January 1, 2005, so a system of quality control must be in place by that date for firms that perform assurance engagements.
Just as the IAASB issued ISA 220, the AASB issued a new
Handbook section —
Section 5030 — entitled
Quality Control Procedures for Assurance Engagements. This section establishes standards and provides guidance on the specific quality control procedures to be performed by teams conducting assurance engagements.
Section 5030 now requires that the assurance team implement quality control procedures that are applicable to the individual assurance engagement. The section also sets out specific responsibilities for practitioners concerning the performance of each assurance engagement. Note that unlike
GSF-QC,Section 5030 refers to
assurance engagements rather than
audit engagements. The ambit of the section is considerably larger. In fact,
paragraph 5030.01 specifically directs the practitioner to read the section in conjunction with
Section 5025, and recommendations of the
Handbook, which taken together, "...establish a framework and set out the standards for performing assurance engagements."
Section 5030 sets the tone by providing specific guidance regarding the quality of the work performed and the promotion of a quality-oriented culture. It also builds on the general framework of
GSF-QC and the ethical code followed by practitioners. For example,
paragraph 5030.15 outlines compliance by the assurance team with applicable ethical requirements, including independence requirements, set out in the rules of professional conduct/code of ethics applicable to the practice of public accounting directed to practitioners and other members of the assurance team when performing assurance engagements. Further, the practitioner should form a conclusion on compliance with independence requirements that apply to the assurance engagement before any work is performed on the engagement.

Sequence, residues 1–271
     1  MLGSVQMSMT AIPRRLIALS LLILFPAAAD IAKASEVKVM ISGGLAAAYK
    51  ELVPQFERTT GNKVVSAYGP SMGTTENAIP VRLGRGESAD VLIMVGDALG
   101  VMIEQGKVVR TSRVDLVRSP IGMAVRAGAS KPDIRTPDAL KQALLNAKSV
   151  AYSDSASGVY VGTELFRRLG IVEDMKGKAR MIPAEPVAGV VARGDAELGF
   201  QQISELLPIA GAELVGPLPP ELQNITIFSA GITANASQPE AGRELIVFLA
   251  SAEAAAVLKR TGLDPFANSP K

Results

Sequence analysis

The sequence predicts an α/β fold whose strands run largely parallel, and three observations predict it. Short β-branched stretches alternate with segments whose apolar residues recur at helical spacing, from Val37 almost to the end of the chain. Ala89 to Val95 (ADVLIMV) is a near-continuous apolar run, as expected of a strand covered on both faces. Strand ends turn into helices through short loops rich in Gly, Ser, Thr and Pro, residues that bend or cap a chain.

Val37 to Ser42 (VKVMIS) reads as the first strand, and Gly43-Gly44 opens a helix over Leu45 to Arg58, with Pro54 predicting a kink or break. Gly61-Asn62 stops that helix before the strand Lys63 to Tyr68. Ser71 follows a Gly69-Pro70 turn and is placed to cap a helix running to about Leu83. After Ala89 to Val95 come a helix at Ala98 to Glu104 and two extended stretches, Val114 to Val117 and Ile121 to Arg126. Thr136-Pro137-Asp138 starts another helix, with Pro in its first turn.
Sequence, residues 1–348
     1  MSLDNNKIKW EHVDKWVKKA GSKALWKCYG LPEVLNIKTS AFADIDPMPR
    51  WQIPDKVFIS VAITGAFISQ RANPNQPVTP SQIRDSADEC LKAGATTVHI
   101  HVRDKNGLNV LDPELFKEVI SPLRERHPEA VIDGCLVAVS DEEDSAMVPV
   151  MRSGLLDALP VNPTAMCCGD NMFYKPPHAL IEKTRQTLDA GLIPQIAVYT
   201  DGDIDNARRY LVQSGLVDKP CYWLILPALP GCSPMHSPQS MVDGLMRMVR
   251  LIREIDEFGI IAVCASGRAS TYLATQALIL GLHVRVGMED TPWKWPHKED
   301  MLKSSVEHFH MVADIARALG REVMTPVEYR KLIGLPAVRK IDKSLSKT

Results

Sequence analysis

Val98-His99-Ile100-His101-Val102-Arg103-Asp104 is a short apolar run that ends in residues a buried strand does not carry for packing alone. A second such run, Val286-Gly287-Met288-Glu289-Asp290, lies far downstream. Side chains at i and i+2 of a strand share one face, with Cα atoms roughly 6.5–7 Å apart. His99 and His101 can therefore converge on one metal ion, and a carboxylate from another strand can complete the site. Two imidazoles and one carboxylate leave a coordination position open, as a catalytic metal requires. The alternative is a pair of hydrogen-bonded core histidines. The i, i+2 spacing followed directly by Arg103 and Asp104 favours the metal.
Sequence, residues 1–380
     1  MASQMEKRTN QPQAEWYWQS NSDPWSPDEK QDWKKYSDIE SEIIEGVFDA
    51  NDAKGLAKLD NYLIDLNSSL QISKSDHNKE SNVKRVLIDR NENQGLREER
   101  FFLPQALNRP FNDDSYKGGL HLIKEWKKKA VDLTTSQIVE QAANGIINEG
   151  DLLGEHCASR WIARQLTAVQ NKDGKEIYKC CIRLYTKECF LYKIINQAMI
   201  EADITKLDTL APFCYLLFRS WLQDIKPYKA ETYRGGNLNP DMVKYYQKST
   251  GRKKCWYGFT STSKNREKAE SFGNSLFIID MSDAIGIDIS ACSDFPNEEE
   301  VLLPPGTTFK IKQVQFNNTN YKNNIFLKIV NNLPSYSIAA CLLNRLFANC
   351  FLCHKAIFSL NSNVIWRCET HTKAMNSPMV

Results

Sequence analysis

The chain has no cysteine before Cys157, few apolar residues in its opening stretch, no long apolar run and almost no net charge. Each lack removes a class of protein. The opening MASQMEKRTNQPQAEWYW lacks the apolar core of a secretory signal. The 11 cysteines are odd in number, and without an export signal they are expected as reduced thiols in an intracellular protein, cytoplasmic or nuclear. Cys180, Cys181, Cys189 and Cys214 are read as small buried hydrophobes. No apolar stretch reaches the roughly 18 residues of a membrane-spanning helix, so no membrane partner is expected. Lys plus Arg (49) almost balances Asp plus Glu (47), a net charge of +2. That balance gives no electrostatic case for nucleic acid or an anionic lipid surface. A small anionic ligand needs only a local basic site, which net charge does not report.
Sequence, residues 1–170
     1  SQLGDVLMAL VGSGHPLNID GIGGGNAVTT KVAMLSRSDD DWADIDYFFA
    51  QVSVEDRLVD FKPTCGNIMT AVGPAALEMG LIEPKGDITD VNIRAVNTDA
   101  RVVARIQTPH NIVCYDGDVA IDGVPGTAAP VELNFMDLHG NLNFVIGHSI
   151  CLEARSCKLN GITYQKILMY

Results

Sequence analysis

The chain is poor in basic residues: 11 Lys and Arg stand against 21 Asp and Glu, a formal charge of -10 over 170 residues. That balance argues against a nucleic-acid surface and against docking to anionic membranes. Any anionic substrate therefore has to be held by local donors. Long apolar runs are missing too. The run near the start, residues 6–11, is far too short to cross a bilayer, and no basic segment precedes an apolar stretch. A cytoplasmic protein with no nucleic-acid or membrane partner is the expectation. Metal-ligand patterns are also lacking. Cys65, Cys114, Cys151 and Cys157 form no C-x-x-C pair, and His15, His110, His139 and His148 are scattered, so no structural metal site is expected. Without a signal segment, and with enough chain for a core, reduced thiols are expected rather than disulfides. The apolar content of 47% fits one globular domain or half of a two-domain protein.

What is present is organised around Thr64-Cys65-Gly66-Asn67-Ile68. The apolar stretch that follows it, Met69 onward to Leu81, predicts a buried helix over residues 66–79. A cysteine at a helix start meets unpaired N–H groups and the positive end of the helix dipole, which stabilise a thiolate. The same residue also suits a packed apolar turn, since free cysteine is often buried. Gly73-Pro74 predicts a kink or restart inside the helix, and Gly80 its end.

Section 5030 also deals with various aspects of engagement performance. For example, it addresses matters such as planning, supervision and review, consultation, resolving differences of opinion, and ensuring that an engagement quality control review is performed when required.
The requirements of Section 5030 are effective for assurance engagements concerning financial statements and financial reports for periods commencing on or after
January 1, 2005.
CGA-Canada issued a
Practice Alert to subscribers of the
Public Practice Manual in the fall of 2004. It is expected that an update to the assurance volume of the
Manual will be sent to subscribers by
year-end 2005. The update will provide detailed guidance on the policies, procedures, and documentation necessary to implement these two new sections on quality control, including checklists. It will be prepared especially for small and
It must be stressed that compliance with these standards is
All firms, whether CGA firms or CA firms, sole proprietorships or partnerships, must comply with these requirements. They are part of GAAS, and practice reviewers will be on the lookout to ensure that policies and procedures are in place for next year's implementation dates.